The old bike would truck on through here hard on the gas, with a heavy-hand required to keep it turning inside the lines.

The new bike turns effortlessly through here and demands smooth inputs to both steering and throttle, lest you find yourself taking a ride over the highside, courtesy of the harder-hitting powerplant and responsive chassis.

In other words, it'll give you exactly what you ask for, but you'd be well-advised to ask for the right thing at the right time.

If you have the skill, it's like riding a scalpel with a hyperspace button.

We know they've become the signature leathers of MO, but Sean's Alpinestars clash with just about any color scheme. The results are often spectacular!

If you don't... you're most likely to find your brain intimidated and your weaknesses exposed. However, it's still a Honda and like most Hondas, it'll try to shepherd you through as best it can, so you'll probably come out the other side with all your fingers and toes intact. Honda claims the new CBR 1000RR has about 3% more power than the '05 model. However, when you couple this power increase with less flywheel effect, a shorter swingarm and a claimed 17Lb(!) weight reduction, it feels like the bike has an extra 20Hp and you'd be hard-pressed to tell the difference between it and the wooly ZX-10R (Kawasaki modified the new ZX-10R's power delivery to make it more linear and manageable, but this CBR feels more like the old ZX-10R).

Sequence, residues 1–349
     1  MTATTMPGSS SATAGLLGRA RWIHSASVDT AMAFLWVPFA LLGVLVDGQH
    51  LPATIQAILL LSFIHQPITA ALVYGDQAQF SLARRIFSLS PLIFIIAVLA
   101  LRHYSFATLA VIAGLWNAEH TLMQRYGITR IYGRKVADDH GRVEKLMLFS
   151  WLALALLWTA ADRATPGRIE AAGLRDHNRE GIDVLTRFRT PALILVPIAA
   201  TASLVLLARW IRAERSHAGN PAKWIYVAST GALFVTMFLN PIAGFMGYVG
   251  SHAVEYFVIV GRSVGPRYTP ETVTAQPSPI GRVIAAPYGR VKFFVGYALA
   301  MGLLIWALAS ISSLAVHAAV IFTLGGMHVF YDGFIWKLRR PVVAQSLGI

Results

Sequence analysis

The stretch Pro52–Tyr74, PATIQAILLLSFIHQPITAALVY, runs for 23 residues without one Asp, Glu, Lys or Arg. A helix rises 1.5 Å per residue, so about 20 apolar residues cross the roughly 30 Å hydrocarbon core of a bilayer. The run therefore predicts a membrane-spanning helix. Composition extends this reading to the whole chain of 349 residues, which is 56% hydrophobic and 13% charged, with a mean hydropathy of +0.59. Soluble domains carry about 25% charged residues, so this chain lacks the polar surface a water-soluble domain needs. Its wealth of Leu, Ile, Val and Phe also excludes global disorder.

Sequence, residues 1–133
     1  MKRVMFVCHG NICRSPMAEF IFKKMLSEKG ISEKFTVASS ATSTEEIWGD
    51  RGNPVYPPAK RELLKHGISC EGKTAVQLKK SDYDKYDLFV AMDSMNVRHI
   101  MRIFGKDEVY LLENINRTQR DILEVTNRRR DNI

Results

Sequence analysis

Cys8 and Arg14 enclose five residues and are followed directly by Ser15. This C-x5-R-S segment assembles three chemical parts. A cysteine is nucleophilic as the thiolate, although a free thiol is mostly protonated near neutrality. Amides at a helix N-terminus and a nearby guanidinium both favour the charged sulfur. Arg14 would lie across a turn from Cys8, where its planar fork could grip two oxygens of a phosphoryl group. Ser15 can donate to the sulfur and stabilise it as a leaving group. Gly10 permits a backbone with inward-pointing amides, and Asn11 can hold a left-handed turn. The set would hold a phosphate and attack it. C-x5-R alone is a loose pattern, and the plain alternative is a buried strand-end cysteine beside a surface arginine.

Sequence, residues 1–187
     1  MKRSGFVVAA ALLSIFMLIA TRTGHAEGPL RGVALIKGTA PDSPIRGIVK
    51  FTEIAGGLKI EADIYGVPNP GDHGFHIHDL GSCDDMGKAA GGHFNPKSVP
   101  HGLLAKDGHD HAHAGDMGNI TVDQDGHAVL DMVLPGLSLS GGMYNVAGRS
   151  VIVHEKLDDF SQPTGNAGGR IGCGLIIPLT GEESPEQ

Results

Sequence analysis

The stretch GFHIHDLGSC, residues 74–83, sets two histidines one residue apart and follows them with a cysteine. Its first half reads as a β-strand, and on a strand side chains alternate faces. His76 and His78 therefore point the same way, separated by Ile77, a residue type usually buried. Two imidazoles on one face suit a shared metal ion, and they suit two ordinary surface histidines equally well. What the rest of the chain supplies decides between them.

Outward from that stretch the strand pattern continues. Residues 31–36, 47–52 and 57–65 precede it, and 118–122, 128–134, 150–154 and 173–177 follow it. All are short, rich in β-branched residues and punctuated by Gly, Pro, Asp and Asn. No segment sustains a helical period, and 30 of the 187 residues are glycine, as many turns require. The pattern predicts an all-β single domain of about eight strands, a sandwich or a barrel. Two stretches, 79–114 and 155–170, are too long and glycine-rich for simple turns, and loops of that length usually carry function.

On Buttonwillow's front straight, the CBR elicits stupid giggles and produces unintended power wheelies and entertaining TZ-250 like speed wobbles. To put it simply, it feels fast and it is fast. However, those wheelies and wobbles are merely window dressing, because the new CBR doesn't actually shake its head or do anything you wouldn't want it to do in a straight line, it just lets you know you're hauling ass.